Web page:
SOURCE : http://www.saintpatrickdc.org/ss/0119.shtml

Venerated at Long Itchington, Evesham, and Peterborough. Wulstan is the patron of peasants (Roeder). 


St. Wolstan

Benedictine, and Bishop of Worcester, b. at Long Itchington, Warwickshire, England, about 1008; d. at Worcester, 19 January, 1095. Educated at the great monastic schools of Evesham and Peterborough, he resolutely combated and overcame the temptations of his youth, and entered the service of Brithege, Bishop of Worcester, who ordained him priest about 1038. Refusing all ecclesiastical preferment, he became a novice in the great priory of Worcester, and after holding various offices in the monastery became cathedral prior there. He held this position, edifying all by his charity, holiness of life, and strict observance of the rule, until 1062, when the See of Worcester fell vacant by the translation of Bishop Aldred to the Archbishopric of York. Two Roman cardinals, who had been Wolstan's guests at Worcester during Lent, recommended the holy prior to King Edward for the vacant see, to which he was consecrated on 8 September, 1062. Not a man of special learning or commanding intellect, he devoted his whole life to the care of his diocese, visiting, preaching, and confirming without intermission, rebuilding his cathedral in the simple Saxon style, planting new churches everywhere, and retaining the ascetic personal habits which he had acquired in the cloister. His life, notwithstanding his assiduous labours, was one of continuous prayer and recollection; the Psalms were always on his lips, and he recited the Divine Office aloud with his attendants as he rode through the country in discharge of his episcopal duties. Wolstan was the last English bishop appointed under a Saxon king, the last episcopal representative of the Church of Bede and of Cuthbert, and the link between it and the Church of Lanfranc and Anselm. After the Conquest, when nearly all the Saxon nobles and clergy were deprived of their offices and honours in favour of the Normans, Wolstan retained his see, and gradually won the esteem and confidence both of Lanfranc and of the Conqueror himself. Ælred of Rievaulx tells the legend of his being called upon to resign his bishopric, and of his laying his crozier on the tomb of Edward the Confessor at Westminster. The crozier remained immoveable — a sign from heaven, as was believed, that the holy bishop was to retain his see. He survived both William the Conqueror and Lanfranc, and was one of the consecrators of St. Anselm.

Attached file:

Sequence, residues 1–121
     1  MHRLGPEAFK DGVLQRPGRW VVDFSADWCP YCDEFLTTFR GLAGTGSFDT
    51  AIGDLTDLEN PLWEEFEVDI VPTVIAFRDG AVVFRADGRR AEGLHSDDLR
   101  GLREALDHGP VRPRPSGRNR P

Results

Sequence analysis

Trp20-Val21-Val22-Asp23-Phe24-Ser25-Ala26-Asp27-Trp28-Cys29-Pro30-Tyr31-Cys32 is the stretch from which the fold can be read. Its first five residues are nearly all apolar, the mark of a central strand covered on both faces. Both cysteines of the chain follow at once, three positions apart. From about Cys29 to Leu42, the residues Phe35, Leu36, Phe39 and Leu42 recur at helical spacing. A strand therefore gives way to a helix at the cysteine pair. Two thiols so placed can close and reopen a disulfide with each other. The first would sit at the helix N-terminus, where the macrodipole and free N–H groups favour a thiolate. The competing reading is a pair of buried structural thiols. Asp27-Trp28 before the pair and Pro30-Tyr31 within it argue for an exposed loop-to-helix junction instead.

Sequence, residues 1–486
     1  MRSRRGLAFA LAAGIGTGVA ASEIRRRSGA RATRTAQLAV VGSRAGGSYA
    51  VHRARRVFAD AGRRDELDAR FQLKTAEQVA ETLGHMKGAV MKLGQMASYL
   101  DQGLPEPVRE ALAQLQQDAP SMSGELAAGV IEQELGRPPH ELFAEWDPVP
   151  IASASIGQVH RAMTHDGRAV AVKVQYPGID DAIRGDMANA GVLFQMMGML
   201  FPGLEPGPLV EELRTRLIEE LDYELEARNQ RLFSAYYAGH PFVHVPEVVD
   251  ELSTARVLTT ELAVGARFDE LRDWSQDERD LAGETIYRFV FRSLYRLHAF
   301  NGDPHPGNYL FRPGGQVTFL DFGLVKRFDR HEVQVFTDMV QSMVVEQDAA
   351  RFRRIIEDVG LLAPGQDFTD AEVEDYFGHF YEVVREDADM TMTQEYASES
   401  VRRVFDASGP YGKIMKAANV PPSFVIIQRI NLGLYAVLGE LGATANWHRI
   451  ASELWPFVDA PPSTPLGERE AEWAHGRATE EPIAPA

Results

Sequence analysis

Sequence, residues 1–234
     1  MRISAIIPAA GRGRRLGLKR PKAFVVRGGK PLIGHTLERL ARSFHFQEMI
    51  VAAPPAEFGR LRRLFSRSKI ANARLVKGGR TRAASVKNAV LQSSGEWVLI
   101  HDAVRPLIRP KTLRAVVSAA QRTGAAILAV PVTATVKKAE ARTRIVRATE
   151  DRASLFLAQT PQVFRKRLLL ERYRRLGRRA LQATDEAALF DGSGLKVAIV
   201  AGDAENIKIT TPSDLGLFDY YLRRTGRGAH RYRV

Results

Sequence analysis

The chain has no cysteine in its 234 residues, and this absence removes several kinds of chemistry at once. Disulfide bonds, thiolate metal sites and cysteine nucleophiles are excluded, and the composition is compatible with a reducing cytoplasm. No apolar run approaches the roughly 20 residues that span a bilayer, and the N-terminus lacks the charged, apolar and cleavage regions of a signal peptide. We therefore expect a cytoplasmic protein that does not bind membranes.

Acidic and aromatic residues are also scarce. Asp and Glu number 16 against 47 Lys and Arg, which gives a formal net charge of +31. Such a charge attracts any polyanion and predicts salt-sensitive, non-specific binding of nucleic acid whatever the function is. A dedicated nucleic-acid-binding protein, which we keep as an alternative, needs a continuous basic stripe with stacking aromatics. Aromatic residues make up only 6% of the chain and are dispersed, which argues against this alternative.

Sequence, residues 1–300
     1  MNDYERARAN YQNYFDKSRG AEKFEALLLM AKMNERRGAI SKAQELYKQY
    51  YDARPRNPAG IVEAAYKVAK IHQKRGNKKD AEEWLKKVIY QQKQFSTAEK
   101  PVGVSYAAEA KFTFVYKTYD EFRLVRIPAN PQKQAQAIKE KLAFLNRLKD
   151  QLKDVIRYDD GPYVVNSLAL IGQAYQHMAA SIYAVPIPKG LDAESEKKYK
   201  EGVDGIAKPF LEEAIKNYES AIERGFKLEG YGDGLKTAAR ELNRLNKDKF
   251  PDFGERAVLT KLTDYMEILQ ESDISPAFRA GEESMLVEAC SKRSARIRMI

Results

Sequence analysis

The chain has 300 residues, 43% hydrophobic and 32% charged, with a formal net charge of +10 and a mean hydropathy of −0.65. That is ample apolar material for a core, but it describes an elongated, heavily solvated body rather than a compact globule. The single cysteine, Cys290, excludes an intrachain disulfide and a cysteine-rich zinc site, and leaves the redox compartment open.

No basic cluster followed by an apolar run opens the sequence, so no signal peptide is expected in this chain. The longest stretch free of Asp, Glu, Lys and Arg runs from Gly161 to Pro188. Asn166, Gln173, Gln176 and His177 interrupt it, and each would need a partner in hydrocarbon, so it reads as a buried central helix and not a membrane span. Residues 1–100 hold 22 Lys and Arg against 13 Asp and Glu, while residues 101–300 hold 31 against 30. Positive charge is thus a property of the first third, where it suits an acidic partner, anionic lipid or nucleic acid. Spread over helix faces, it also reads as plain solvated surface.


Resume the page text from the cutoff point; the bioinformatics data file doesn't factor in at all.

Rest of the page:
Hunter-Blair, Oswald. "St. Wolstan." The Catholic Encyclopedia. Vol. 15. New York: Robert Appleton Company, 1912. 19 Jan. 2017 <http://www.newadvent.org/cathen/15687a.htm>.

Transcription. This article was transcribed for New Advent by Charlie Martin.

Ecclesiastical approbation. Nihil Obstat. October 1, 1912. Remy Lafort, S.T.D., Censor. Imprimatur. +John Cardinal Farley, Archbishop of New York.

SOURCE : http://www.newadvent.org/cathen/15687a.htm